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Garden checklist: Kick leaf-footed bugs out of winter home

What’s attacking these tomatoes? They’re leaf-footed bugs, a kind of stink bug that overwinters in tomato vines, too.
What’s attacking these tomatoes? They’re leaf-footed bugs, a kind of stink bug that overwinters in tomato vines, too.

A little cleanup now will prevent problems next spring and summer. For example, aging tomato vines may be harboring fugitive pests, particularly leaf-footed bugs. Pull out the old vines and dispose of them; any pest eggs will leave your garden along with the host plant.

If you haven’t already, pull faded annuals and vegetables, too. They also may be full of bad bugs and their eggs. Compost only plants that look free of disease and pests. Prune dead or broken branches from trees.

▪  To help prevent leaf curl, apply a copper fungicide spray to peach and nectarine trees after they lose their remaining leaves this month. Leaf curl, which shows up in the spring, is caused by a fungus that winters as spores on the limbs and around the tree in fallen leaves. Sprays are most effective if applied now. Choose a fungicide with at least 50 percent copper, if possible. And if you had a leaf curl outbreak in 2015, remember to clean up and discard (not compost) those fallen leaves.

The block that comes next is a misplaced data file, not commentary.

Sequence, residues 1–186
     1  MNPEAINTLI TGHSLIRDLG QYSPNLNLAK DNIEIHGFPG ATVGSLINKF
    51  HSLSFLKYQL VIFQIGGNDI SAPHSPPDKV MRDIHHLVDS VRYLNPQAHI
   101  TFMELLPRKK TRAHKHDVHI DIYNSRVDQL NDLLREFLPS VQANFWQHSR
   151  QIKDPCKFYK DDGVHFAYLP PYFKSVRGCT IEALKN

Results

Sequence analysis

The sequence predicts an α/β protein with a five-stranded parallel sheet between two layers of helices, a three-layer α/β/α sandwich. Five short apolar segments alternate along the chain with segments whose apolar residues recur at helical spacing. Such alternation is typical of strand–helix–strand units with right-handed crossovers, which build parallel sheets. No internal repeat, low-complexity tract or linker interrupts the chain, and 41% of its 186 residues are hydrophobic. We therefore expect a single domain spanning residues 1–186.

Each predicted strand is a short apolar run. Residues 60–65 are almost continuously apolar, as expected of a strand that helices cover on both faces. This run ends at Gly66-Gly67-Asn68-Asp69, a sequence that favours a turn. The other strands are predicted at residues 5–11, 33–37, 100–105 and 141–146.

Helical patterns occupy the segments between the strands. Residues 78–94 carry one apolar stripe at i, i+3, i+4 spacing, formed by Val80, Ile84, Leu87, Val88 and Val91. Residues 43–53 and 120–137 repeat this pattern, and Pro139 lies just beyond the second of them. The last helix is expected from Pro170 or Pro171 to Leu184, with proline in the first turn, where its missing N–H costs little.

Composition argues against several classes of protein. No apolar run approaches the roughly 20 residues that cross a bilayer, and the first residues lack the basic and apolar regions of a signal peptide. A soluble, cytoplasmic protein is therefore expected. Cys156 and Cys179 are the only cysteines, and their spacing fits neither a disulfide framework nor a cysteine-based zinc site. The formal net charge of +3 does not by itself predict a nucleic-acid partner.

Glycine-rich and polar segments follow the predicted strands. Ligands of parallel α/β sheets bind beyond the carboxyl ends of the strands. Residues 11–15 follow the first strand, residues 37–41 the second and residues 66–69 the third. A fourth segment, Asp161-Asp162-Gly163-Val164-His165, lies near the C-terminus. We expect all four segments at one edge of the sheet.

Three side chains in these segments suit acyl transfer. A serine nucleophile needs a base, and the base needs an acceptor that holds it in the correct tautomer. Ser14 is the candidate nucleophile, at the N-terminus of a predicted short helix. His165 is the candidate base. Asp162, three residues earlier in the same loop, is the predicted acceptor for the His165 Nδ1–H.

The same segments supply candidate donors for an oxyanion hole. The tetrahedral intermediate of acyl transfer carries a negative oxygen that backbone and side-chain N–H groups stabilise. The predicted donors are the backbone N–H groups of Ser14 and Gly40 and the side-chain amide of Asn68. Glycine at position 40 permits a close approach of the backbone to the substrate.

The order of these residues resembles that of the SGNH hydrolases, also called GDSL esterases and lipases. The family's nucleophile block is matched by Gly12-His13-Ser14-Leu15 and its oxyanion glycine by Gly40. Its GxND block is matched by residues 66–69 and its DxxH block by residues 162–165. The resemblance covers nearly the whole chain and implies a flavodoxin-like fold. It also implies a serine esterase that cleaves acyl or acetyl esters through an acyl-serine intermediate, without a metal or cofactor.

▪  For larger blooms, pinch off some camellia buds.

▪  Plant spring bulbs such as daffodils, Dutch iris, hyacinths, ranunculus, sparaxis, watsonia, freesia and tulips. Over-plant with winter annuals such as pansies and violas.

▪  In the vegetable garden, plant fava beans, bok choy, Swiss chard, garlic, leaf lettuce, mustard, onion sets, radicchio, radishes, shallots and spinach.

▪  Set out transplants for broccoli, cabbage, cauliflower, celery, fennel, kale, kohlrabi, leaf lettuce and peas.

▪  For spring flowers, plant seeds for California and other poppies, cornflower, larkspur and sweet peas.

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